2014 GSA Annual Meeting in Vancouver, British Columbia (19–22 October 2014)

Paper No. 68-4
Presentation Time: 1:55 PM

DUNE EVOLUTION  AND LOCAL CLIMATE CHANGE IN ISLA SALAMANCA NATIONAL PARK, COLOMBIA


GOMEZ, Juan-Felipe, Geography and Environmental Studies, Wilfrid Laurier University, 3-241 Guelph Street, Kitchener, ON N2H 5W9, Canada, gome7540@mylaurier.ca

Isla Salamanca National Park (ISNP), a biosphere reserve and Ramsar Site located on the Colombian Caribbean coast, is a valuable wetland ecosystem associated with the Magdalena River, the most important river of Colombia. At least since the early 1950s, ISNP has been affected by the combined effect of reduced sediment supply and presumably a relative sea-level rise, resulting in eroding trends along the park's shoreline. Particularly, most of today's parabolic dunes are located close to the coastline, forming scarped dunes regularly affected by storm wave-action. In that sense, this project's aims to analyze the causes producing dune stabilization and erosion in ISNP, placing emphasis on the interplay between weather variables and vegetation cover.

To assess rainfall tendencies for the series available, namely Santa Marta and Barranquilla weather stations, the data were fit to a linear regression model, resulting in a statistically significant increasing rainfall trend since the early 1950s. Conversely, wind velocities taken hourly at the Santa Marta airport since 1981 indicate a statistically significant decreasing trend for the number of wind episodes with velocities above 6 m/s. In terms of coastal changes, erosion increases from east to west, locally reaching average erosion rates up to 15 m/year in front of the lagoon known as Cuatro Bocas. However, close to the Magdalena river mouth, at the westernmost extreme of area, accretion processes are dominant, giving place to embryo dunes with isolated patches of Sesuvium portulacastrum. When comparing dune vegetation on erosive and accretive sectors, the former have not just more diverse and mature species, but they are also more populated. Common species found on erosive dunes are Calatropis procera, Stenocereus griceous and Cnidoscolus urens.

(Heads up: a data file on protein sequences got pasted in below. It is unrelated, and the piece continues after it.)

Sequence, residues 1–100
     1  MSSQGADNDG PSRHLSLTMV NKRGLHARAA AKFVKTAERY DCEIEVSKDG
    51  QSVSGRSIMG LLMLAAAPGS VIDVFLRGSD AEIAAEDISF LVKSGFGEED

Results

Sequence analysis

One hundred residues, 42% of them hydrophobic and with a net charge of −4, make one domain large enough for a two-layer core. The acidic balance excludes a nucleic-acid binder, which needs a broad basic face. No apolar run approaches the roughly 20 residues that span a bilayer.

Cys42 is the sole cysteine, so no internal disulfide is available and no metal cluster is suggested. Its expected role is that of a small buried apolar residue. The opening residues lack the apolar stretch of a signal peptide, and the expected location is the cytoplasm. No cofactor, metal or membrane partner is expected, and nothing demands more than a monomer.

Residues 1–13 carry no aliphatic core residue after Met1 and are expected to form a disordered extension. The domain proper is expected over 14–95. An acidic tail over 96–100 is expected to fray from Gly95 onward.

Overall, high erosion rates added to increasing rainfall and decreasing windiness over time, contribute to explaining why most of the dunes in Isla Salamanca are not mobile, but instead are impeded dunes fixed in position by vegetation. Nonetheless, it is considered that given the high erosion rates existing in ISNP, vegetation on erosive dunes contribute to hindering erosive processes. Hence, installing dune fences and planting native pioneer species may temporarily mitigate erosive processes affecting the dunes.

Handouts
  • JFG&MLB_GSA.pdf (2.5 MB)